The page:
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Published: 2002/10/15
by Dan Greenhaus

Addison Groove Project, Mercury Lounge, NYC- 10/11

This past Friday night was an interesting one here in New York
City. Gov’t Mule was playing a much publicized gig uptown at the Beacon
Theater and there were more than a handful of "post-Mule" after-shows
peppered throughout the city, one of which was Addison Groove Project’s
gig at Mercury Lounge, with special guest Sam Kinninger from Soulive. I
chose to attend the Addison show over the others on the strength of the band’s
Berkfest set, which was one of the highlights of the weekend. I
was interested to see what Addison could do at one of its "own" shows and I
I was anything but disappointed.

I entered Mercury around 12:00 or so after briefly waiting outside the
venue. The Mercury Lounge, if you’ve never been there, lies in a fairly
upbeat section of Manhattan’s East Village, down on Avenue A. The "Lounge"
is hardly that, more a bar than anything, with a separate secluded back
section where the bands perform. Mercury Lounge has always been one of the
better places to see a band, for a variety of reasons, including the quality
of the sound, but most notably the unobstructed view of the stage the
audience has from virtually any vantage point in the room. I situated
myself about three quarters of the way back, dead center, and awaited the
arrival of Addison Groove Project.

The band took the stage at exactly 12:35 to a moderately packed room. The
amount of people present sent a clear message to the band that they had sort
of "arrived" in a sense, because they had nearly filled a room on a night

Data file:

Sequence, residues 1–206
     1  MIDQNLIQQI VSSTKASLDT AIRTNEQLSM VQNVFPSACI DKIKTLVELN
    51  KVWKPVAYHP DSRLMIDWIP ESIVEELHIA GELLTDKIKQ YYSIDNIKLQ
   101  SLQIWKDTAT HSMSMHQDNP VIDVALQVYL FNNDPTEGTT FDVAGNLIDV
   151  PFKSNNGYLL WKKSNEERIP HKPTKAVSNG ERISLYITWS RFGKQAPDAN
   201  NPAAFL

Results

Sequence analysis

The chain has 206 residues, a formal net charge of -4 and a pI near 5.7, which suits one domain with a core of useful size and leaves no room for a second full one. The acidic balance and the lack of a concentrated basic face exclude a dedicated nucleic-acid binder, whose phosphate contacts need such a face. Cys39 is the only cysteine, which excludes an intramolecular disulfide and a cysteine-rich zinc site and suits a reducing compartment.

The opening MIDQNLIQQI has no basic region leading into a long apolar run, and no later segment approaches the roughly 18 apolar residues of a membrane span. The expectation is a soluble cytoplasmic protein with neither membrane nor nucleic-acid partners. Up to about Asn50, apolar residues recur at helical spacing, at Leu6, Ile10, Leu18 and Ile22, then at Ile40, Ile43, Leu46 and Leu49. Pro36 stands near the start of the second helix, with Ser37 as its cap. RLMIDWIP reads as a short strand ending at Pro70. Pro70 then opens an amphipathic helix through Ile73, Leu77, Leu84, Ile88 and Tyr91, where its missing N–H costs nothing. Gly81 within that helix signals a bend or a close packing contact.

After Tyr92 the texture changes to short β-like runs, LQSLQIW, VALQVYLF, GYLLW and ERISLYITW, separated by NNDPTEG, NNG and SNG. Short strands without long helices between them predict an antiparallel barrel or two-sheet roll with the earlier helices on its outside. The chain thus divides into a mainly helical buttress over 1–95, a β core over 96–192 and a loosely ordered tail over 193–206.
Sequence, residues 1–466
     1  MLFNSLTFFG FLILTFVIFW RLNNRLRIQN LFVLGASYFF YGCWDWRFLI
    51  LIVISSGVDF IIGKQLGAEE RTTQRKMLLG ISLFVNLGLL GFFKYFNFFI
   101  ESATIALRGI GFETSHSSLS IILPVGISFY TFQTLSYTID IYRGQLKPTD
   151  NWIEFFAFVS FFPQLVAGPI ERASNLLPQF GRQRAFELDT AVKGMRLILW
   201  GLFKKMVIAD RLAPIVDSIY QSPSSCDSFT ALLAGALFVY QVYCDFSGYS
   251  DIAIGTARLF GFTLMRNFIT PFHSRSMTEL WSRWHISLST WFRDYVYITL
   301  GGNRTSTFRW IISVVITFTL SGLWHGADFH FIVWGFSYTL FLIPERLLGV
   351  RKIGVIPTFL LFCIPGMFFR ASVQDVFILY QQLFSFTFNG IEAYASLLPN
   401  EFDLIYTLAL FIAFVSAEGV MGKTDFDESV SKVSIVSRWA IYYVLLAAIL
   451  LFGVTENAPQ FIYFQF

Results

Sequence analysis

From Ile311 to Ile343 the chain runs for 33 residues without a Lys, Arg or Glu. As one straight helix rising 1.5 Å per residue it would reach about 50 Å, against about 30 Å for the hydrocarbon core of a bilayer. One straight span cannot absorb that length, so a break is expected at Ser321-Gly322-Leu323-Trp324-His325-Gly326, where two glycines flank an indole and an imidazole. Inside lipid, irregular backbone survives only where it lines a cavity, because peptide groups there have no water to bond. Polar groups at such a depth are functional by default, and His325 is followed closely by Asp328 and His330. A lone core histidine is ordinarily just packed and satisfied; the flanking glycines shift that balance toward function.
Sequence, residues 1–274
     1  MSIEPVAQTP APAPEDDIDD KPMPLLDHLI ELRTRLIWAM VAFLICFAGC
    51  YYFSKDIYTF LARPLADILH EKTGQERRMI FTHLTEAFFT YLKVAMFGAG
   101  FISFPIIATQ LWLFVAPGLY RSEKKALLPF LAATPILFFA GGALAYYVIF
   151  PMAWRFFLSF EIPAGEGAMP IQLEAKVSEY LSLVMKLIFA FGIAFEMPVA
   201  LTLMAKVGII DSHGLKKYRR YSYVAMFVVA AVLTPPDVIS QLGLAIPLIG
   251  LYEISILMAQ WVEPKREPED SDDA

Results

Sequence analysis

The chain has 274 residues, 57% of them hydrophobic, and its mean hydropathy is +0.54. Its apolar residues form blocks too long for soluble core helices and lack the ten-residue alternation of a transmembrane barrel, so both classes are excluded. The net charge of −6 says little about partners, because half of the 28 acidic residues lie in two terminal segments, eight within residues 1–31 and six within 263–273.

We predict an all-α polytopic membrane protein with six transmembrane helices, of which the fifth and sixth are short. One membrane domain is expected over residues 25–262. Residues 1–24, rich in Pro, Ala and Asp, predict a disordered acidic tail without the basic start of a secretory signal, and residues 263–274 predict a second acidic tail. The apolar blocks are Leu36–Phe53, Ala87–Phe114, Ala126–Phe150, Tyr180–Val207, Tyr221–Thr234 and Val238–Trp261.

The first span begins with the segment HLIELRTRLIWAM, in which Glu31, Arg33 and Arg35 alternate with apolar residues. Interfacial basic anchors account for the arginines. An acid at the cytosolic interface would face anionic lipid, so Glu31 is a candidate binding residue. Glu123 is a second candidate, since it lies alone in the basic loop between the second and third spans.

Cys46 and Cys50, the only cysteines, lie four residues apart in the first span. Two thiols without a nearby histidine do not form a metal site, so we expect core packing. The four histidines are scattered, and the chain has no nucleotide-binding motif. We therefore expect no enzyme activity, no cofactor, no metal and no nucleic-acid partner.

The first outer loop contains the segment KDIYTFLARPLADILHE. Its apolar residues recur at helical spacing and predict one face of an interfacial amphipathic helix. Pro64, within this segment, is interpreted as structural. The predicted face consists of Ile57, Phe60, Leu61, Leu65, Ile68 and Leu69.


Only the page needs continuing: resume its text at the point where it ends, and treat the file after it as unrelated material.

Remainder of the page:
where several other bands in the jamband realm were playing. The band
opened with a quick run through "Beat Me ‘till I’m Blue", much to the crowd’s
delight. Despite the band professing to be a "funk, fusion, exploratory
rock…" band, they are mainly a funk band that dabbles in the other arenas,
and every time I see them, they get better and better at it. The first
three songs of the night, each better than the last, showcased the various
members skills, each taking turns playing over the lines. "4 and 1", the
final song before Sam took the stage was one of the best of the night, with
some incredible tight and concise guitar playing by Brendan McGinn, who
thoroughly impressed me over the coarse of the night. Sam Kinniger then
took the stage to join Addison for two songs, the ubiquitous "Pass the Peas"
and "Hang Up Your Hangups", the former being a chance for Sam to shine
(which he did), the latter being a full band "jam" before returning to the
song’s chord progression. Both Ben Groppe and Dave Adams, no stranger to
playing with other horn players, seemed perfectly content and comfortable
with Sam on stage, and all three horn players took turns wowing the crowd,
all the while John Hall’s steady bass playing thumped underneath, never
overpowering the other members with meaningless bass fills. Sam left the
stage at this point to a loud ovation from the thinning crowd, allowing the
band to perform several more songs, including "Shugy", which while probably not the best song
of the night, was the most memorable for me because it had some tight,
sharp start/stops which the band nailed on almost every occasion.

Addison continued to keep the crowd dancing well into the morning with its
addicting danceable rhythms. Sam returned to the stage to play three more
songs, including "Windjammer", which seems to be played by more and more
bands, including fellow Boston-based Uncle Sammy and also Particle.
Nevertheless, the collaboration between Addison and Sam Kinniger was
positive and powerful, as was the Addison’s entire set. The band continues to tour the
east coast for the remainder of October and if they come to a venue near
you, I definitely recommend checking them out. Other bands should hope to be
half as much fun as Addison.

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